Tina, who teaches piano and violin, has a natural ear for music and is able to choreograph routines for her dogs that emphasize the stories behind the music.

Chandi is a love story.  It is about the bond that Tina shares with both of her dogs and the devotion she has for both of them.  She is an advocate for a raw diet and natural health care (no wonder I was attracted to the book),  in part inspired by her mother who fought cancer for many years using natural therapies.  (Part of the book tells the story of how Tina suffers the loss of both of her parents, at separate times, with her dogs there as emotional support).

We also share in Tina’s heartache when, in 2007, she and Chandi suffer the loss of Pepper.  Anyone who has had to say goodbye to their beloved dog understands Tina’s pain when it is time for Pepper to be put to sleep.

Chandi and Tina win many competitions in their years together including several trophies at Crufts.  In 2010, after almost 12 years of competing and sharing their lives, they audition for Britain’s Got Talent and go all the way to the finals, ultimately finishing in fourth place.  By then, they are celebrities and enjoy a nationwide tour of the show’s finalists plus other interviews and promotions.  And that’s where the book finishes…on a high note.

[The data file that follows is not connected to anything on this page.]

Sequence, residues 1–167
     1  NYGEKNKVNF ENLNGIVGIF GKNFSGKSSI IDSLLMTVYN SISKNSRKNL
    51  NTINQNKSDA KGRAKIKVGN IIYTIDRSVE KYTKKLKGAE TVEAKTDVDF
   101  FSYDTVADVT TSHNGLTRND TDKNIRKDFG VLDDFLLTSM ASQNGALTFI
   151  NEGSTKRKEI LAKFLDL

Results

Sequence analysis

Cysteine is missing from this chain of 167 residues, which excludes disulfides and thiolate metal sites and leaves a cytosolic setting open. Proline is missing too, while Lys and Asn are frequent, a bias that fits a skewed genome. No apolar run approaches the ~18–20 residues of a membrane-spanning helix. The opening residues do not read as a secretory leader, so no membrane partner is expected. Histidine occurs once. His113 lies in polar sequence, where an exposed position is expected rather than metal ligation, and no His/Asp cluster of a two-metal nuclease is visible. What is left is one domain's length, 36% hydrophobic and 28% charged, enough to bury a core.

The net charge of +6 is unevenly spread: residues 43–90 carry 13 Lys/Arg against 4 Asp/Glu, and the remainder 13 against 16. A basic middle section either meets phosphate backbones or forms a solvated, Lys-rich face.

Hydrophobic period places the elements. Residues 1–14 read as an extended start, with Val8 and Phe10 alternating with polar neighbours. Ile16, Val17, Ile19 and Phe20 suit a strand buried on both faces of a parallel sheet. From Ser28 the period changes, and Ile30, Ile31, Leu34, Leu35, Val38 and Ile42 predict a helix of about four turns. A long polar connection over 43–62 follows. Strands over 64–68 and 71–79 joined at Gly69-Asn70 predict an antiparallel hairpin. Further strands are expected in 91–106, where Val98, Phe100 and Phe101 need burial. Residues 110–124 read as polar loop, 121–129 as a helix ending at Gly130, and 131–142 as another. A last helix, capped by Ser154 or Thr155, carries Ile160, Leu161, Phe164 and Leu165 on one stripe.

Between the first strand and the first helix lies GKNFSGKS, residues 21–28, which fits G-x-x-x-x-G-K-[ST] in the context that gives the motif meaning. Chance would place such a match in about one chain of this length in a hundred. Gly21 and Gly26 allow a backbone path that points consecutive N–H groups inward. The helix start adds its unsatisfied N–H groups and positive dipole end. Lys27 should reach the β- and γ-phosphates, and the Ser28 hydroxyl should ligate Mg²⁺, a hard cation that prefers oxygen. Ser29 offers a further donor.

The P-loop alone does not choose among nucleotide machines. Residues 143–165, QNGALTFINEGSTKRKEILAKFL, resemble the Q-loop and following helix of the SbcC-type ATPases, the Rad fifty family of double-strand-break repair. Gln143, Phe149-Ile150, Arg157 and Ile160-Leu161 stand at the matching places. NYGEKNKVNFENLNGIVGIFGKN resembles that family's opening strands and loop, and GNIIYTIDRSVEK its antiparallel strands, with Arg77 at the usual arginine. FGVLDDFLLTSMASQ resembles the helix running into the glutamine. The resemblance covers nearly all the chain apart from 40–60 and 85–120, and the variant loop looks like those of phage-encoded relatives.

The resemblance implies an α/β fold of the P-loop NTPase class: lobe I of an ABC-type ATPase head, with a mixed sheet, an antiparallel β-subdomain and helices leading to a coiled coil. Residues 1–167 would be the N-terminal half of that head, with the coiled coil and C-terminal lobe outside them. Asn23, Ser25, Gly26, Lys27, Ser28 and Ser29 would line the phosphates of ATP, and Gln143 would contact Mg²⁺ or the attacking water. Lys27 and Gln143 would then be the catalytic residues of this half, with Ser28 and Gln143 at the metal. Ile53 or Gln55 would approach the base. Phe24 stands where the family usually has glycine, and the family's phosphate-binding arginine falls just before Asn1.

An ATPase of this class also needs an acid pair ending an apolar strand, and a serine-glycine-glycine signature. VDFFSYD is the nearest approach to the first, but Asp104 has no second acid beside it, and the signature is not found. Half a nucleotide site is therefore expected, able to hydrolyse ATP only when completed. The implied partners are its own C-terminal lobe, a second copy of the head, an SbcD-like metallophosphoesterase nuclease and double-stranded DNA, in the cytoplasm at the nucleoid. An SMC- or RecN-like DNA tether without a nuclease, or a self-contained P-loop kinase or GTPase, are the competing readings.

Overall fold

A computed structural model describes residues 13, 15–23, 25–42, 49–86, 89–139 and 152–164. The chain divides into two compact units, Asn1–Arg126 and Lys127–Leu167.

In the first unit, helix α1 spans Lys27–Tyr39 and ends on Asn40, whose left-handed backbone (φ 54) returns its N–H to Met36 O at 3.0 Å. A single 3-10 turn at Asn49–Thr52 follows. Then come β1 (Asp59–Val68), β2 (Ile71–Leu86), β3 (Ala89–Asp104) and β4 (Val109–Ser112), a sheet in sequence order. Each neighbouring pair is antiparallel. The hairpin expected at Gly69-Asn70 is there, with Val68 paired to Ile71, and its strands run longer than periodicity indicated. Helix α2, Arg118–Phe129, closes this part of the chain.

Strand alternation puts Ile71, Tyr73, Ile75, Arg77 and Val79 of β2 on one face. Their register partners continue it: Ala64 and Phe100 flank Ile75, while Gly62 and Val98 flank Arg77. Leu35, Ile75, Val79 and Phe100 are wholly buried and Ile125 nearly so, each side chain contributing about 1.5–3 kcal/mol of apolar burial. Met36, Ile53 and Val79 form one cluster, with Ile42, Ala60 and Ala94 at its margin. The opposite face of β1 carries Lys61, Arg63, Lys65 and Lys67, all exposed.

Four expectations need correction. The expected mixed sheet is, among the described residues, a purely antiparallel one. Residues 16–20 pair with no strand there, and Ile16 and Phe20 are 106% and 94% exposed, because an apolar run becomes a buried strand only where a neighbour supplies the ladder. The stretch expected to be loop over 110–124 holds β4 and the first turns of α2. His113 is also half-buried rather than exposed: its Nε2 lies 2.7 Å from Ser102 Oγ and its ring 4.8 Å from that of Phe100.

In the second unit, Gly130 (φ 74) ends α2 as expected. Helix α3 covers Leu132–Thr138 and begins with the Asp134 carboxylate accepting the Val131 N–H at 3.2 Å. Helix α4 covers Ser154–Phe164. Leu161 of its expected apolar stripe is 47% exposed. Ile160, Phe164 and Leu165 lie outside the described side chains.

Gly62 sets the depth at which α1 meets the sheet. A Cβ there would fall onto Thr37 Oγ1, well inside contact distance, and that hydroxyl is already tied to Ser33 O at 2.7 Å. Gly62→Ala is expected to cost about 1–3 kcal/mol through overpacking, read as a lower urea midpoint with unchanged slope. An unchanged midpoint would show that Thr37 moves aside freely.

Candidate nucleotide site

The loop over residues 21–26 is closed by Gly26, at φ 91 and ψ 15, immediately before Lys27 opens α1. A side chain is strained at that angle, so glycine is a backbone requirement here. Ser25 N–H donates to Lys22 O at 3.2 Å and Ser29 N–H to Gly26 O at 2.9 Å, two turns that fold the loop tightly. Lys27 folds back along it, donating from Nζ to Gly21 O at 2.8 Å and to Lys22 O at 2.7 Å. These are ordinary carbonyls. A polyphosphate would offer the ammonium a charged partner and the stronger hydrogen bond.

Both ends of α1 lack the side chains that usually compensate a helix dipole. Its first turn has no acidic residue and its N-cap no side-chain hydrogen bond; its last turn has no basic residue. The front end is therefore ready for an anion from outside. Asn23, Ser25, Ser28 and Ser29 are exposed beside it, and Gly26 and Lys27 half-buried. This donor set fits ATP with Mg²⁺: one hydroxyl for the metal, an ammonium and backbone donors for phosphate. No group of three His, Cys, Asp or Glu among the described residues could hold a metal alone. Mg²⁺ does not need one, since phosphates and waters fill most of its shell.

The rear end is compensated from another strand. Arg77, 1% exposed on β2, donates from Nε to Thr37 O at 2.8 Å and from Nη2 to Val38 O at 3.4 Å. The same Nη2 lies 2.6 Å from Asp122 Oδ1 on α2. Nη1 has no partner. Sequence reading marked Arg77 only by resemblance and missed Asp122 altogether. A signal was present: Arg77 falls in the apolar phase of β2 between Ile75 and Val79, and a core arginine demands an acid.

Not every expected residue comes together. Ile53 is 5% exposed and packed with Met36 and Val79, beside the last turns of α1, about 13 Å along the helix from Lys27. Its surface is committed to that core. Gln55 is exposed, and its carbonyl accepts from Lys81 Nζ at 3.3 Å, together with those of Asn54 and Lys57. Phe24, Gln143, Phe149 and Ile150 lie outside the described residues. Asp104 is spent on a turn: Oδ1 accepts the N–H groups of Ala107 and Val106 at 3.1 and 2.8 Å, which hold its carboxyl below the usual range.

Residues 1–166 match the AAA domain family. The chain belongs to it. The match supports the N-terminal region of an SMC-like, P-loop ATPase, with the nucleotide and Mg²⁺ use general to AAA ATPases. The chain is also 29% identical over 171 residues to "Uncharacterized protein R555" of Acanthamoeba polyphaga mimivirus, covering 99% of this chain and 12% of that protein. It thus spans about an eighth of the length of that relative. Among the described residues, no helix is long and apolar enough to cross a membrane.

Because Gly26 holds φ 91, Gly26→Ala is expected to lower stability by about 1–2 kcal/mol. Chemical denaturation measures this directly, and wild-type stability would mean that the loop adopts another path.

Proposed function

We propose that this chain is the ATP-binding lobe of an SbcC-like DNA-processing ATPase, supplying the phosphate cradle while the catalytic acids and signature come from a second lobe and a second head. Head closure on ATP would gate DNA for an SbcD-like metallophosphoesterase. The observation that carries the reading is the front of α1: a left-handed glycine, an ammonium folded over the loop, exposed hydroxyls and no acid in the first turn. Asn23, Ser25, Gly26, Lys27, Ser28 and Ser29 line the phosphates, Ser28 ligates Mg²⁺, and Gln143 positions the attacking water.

On 26 April 2013, Chandi died at the age of 14 years 10 months.  She developed a condition that was thought to be pyometra.  However, during surgery to remove her uterus and spleen, it was discovered that Chandi’s body had many other tumours that could not be removed.   Tina made the heart-breaking decision that it was time for Chandi to go and was there when she was put to sleep on the surgical table.

Today, Tina is training a new puppy named Grace and is blogging about her experiences with her new canine companion.    You can follow them on Facebook.

 And through the wonders of YouTube, here are Tina and Chandi’s performances on Britain’s Got Talent:

Auditions

Semi-Finals

Finals